The way that this was pushed through the Parliament and the manner in which the central government has interpreted the language in the Constitution to substitute ‘government of the state’ to mean ‘governor of the state’, used that interchangeably, and then to use one section of the Article to change another Article, and in turn use that to change the rest of the previous Articl. On other matters of constitutional importance, things like an assembly floor test, representatives of the Congress have approached the Supreme Court in quick time. That hasn’t happened in this matter. Is this imminent?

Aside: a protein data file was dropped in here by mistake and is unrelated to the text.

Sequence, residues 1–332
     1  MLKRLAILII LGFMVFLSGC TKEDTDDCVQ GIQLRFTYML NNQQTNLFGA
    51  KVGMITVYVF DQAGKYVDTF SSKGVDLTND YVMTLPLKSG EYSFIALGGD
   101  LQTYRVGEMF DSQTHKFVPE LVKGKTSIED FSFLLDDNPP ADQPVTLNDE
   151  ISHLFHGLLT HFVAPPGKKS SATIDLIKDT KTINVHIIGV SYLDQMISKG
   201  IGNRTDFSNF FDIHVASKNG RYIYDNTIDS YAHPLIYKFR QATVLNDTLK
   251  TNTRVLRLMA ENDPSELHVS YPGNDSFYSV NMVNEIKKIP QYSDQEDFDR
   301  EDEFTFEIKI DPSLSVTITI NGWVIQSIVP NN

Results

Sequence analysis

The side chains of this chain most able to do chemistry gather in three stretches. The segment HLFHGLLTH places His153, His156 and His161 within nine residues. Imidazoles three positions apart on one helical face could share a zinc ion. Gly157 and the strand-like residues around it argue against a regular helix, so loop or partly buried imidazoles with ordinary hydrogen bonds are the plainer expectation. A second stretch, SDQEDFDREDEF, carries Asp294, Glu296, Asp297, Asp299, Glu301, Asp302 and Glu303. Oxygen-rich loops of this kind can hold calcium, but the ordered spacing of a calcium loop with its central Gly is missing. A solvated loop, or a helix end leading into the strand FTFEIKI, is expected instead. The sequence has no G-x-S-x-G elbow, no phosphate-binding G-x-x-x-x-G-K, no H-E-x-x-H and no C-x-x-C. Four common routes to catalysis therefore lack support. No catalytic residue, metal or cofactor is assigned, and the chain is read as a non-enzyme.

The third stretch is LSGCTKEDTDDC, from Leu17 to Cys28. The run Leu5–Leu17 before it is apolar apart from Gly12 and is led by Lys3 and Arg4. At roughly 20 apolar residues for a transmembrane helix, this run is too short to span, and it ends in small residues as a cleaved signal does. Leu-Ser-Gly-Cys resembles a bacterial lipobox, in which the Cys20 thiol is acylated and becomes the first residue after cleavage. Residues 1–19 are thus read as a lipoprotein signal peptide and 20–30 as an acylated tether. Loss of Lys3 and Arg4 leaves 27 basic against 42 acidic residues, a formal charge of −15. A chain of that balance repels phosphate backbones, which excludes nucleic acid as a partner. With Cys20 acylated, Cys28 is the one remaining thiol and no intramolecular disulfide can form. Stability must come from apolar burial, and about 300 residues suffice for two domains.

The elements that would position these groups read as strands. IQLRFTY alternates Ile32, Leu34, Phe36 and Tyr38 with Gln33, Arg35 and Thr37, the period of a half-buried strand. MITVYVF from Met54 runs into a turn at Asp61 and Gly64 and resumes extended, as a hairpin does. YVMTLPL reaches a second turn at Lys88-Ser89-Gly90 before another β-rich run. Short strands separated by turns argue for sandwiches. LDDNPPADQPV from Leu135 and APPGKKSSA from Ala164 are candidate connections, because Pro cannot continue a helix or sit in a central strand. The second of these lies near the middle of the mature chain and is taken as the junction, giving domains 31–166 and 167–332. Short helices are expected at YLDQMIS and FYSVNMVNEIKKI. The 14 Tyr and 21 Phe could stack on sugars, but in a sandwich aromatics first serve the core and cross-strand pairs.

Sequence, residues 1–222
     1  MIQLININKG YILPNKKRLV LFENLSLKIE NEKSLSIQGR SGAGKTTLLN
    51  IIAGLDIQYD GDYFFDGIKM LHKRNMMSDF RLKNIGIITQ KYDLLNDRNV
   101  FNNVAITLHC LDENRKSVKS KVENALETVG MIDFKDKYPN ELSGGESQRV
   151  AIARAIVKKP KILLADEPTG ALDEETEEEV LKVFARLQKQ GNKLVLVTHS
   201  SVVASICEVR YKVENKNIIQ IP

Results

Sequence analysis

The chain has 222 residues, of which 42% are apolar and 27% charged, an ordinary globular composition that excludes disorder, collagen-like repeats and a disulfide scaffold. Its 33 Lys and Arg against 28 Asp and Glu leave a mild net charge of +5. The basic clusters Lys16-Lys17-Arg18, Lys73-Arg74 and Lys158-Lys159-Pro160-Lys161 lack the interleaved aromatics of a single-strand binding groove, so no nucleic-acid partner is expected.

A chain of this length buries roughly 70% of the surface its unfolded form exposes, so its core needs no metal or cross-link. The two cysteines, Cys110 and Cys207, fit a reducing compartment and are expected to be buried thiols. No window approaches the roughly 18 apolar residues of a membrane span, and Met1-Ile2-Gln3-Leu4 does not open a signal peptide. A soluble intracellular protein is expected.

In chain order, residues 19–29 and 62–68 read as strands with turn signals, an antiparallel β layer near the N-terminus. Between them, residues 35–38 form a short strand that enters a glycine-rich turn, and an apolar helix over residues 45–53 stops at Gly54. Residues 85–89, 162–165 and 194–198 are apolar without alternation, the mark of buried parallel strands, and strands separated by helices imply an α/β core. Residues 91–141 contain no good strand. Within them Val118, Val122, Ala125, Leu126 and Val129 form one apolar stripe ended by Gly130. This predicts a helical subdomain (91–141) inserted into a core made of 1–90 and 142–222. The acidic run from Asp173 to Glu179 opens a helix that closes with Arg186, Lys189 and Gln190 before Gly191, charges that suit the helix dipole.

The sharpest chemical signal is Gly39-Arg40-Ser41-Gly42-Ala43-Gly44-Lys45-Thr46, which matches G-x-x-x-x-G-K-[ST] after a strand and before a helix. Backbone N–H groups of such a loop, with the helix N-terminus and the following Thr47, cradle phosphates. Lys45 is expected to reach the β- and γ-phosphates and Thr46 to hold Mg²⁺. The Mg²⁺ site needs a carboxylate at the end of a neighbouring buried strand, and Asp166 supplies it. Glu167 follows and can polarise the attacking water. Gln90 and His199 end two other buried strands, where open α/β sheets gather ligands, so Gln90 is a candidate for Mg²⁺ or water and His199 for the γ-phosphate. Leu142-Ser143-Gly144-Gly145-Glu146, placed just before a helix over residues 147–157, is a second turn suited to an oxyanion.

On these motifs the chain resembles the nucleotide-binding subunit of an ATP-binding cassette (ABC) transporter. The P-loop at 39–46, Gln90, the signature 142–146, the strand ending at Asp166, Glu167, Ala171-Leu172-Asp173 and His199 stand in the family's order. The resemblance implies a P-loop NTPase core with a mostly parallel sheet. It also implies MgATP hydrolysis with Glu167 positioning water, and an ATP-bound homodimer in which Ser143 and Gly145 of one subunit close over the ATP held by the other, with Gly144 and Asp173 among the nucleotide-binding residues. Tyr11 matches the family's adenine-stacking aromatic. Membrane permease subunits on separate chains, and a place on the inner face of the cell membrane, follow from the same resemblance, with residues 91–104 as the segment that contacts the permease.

I don’t, because I have been totally focused on the Parliament. I have literally just come out and headed to a series of interviews including yours but let me just say that I have no doubt, knowing our country and its litigious nature, if the Congress party doesn’t do it somebody else will do it and certainly some Kashmiri who has a direct stake in it is bound to do it. One of the MPs who wasn’t in Kashmir and wasn’t subject to the lockdown was former justice Masoodi who is a member of Parliament from the National Conference and he spoke but what’s interesting is he was one of the judges in one of the interesting cases in a two-judge bench that has ruled on these issues so he has a certain judicial heft and I am sure he is not going to take this lying down. I am sure that he, for example, will have the locus standi to approach the Supreme Court to take this matter up. I don’t know if he will do so, he hasn’t confided in me. But it seems to me there are plenty of people who will challenge this in the court and I hope that the government is able to give a convincing and a robust defense, As I said in the Parliament, you may have worked in the letter of the law, you certainly have violated the spirit of the Constitution. The intent of the Constitution makers was very clearly that the legislature of the state in other words the representative of the people have to be consulted. So by going through a legal sleight of hand and coming up with this formula which you have summarised quite ably that you can use one article to amend another, that is a very peculiar way of going about things and equally odd is to say that you have the concurrence of the state that’s required, by consulting your own Governor and that you have the consent of the legislatures required by the Constitution by ensuring that in your interpretation the Parliament in Delhi has taken over all the powers of the legislature in Srinagar by actually having a President’s rule for this period. The entire thing has been very well-planned. Will it stand the test of the courts is not for me to say. I am not a judge. But, as I said, the spirit of our democracy is lying in tatters today.